“The idea the Tories can unite behind a prime minister now, any prime minister… is for the birds,” she said. Sturgeon added the “fundamental problem” was a “broken Tory party” and a “broken UK political system”.
In a statement, the Sinn Féin president Mary Lou McDonald said that Truss’s short term in office had brought “45 days of chaos and dysfunction”.
“Liz Truss’ legacy will be soaring mortgage payments, wrecking the economy, lifting the cap on bankers’ bonuses and working in the interests of the super-rich.”
Tory MPs being suggested as possible candidates for the top job are Penny Mordaunt, Rishi Sunak and Kemi Badenoch. Two popular British newspapers are also reporting that Boris Johnson is expected to make a surprise stand for the leadership.
The Liberal Democrat party said “the fact that Conservative MPs are even considering putting Boris Johnson back in Number 10 shows how out of touch they really are. They think there’s one rule for them and another for everyone else.
“Boris Johnson was forced to resign in disgrace after countless lies, scandals and failures. He shattered public trust in the government and plunged the UK into a political crisis. He must never be allowed near Downing Street again.
“The future of our country should be in the hands of voters, not the Conservative MPs who have caused all this chaos.”
The calls for a general election are becoming deafening. The opposition Labour and Liberal Democrat parties are demanding one immediately.
Keir Starmer, the leader of the Labour Party said, “The Conservative Party has shown it no longer has a mandate to govern.
“After 12 years of Tory failure, the British people deserve so much better than this revolving door of chaos. In the last few years, the Tories have set record-high taxation, trashed our institutions and created a cost-of-living crisis. Now, they have crashed the economy so badly that people are facing £500 a month extra on their mortgages. The damage they have done will take years to fix.
“The Tories cannot respond to their latest shambles by yet again simply clicking their fingers and shuffling the people at the top without the consent of the British people. They do not have a mandate to put the country through yet another experiment; Britain is not their personal fiefdom to run how they wish.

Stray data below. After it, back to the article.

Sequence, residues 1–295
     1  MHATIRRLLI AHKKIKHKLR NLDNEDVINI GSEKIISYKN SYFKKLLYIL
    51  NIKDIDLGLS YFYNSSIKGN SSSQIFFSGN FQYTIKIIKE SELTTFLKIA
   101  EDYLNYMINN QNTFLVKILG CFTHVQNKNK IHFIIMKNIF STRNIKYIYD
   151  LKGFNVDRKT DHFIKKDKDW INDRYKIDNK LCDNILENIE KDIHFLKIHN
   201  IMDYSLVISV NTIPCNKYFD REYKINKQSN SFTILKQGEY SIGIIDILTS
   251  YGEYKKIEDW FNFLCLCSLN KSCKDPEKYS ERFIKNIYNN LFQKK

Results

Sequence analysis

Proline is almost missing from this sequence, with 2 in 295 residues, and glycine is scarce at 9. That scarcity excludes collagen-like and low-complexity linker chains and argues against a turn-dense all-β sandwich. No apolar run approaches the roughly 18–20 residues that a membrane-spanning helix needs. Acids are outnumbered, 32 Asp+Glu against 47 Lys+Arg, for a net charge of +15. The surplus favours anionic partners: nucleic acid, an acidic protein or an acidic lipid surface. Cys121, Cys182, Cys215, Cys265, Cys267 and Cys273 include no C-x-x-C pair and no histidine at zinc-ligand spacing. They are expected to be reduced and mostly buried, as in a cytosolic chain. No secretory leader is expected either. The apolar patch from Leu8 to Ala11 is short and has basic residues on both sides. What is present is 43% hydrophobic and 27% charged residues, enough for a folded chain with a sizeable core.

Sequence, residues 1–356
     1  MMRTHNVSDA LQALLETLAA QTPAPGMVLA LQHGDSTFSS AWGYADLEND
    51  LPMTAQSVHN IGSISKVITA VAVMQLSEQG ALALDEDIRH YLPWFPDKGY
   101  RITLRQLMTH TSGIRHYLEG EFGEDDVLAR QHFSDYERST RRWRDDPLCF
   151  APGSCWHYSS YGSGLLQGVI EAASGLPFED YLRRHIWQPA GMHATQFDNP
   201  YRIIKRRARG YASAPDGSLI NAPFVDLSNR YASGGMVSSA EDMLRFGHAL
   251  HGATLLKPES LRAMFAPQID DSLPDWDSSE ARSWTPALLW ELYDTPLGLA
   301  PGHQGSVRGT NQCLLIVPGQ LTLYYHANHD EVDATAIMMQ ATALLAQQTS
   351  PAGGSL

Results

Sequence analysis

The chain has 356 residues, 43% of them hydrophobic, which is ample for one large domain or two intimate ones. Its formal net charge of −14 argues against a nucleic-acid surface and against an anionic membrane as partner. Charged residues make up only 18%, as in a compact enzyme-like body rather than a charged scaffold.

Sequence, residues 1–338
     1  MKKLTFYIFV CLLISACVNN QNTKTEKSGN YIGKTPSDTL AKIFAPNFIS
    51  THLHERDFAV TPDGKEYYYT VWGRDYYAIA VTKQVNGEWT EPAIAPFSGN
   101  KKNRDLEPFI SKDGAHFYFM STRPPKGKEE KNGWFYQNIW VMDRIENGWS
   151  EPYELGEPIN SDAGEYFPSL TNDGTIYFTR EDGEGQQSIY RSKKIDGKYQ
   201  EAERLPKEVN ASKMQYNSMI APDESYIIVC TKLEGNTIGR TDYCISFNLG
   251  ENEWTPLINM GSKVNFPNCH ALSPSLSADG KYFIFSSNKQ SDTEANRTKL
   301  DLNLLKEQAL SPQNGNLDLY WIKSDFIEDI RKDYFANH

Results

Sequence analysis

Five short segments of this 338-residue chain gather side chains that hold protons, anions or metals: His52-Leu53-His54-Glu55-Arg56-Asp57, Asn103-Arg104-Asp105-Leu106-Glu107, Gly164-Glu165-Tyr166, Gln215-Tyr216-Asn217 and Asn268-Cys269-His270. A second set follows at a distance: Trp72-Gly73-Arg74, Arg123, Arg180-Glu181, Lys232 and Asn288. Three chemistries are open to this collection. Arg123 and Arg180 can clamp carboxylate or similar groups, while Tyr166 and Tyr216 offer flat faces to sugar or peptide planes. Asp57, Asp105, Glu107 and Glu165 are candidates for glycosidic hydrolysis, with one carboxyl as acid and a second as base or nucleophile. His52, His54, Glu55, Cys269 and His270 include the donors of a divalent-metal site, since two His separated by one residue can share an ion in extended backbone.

“The British public deserve a proper say on the country’s future. They must have the chance [to vote in a general election].
The leader of the Liberal Democrats, Ed Davey echoed those calls saying, “We do not need another Conservative prime minister lurching from crisis to crisis, we need a general election, we need the Conservatives out of power and we need real change.
“It is time for Conservative MPs to do their patriotic duty, put the country first and give the people a say.”
The first minister of Wales, Mark Drakeford, has also called for a general election saying, “This has been a complete and utter failure of government, with everyone in this country now having to pay the price.
The complete lack of leadership is preventing decisions and actions from being taken to deal with the many challenges we are facing and help people over what is going to be a very difficult winter.
Unfortunately, the deep and intractable divisions within the government means that any successor put forward will face the same set of challenges.
A general election is now the only way to end this paralysis.”
Meanwhile, the Green party has joined calls by other opposition groups in demanding a general election be held for the public to choose who they want to lead them out of the country’s economic mess.
In a statement, co-leader Carla Denyer said, “The Tory chaos has spiraled beyond any pretense that the country has a viable government … The government simply cannot govern – it is unfit for office … We need a general election now so people can vote for the policies they want to see that will turn this mess around.”
But the undemocratic issues persist in this political system. It means no other party can serve the desperate people despite consecutive Conservative governments (which are accused of serving the rich) retaining power since 2010.
The comedic aspect of Truss’s 45 days in office has not been lost on British media and international diplomats.
As pressure grew on Truss a week ago, British media set up a live stream of a lettuce to see if the vegetable would last longer than the outgoing premier. And it appears the lettuce outlasted the PM. That caught the attention of the Kremlin with the Deputy Chairman of the Security Council of Russia Dmitry Medvedev who reacted to Truss’s resignation with a social media post saying “Bye, bye @trussliz, congrats to lettuce”.
Meanwhile a cat by the name of Larry who has lived in Downing Street since 2011, was pictured waving off his fourth prime minister – six weeks after saying goodbye to his third. The pet has been in office longer than four prime ministers: David Cameron, Theresa May, Boris Johnson – and now – Liz Truss.
Questions have already been raised as to how long his successor and fifth Tory Prime Minister will last?
From our partner Tehran Times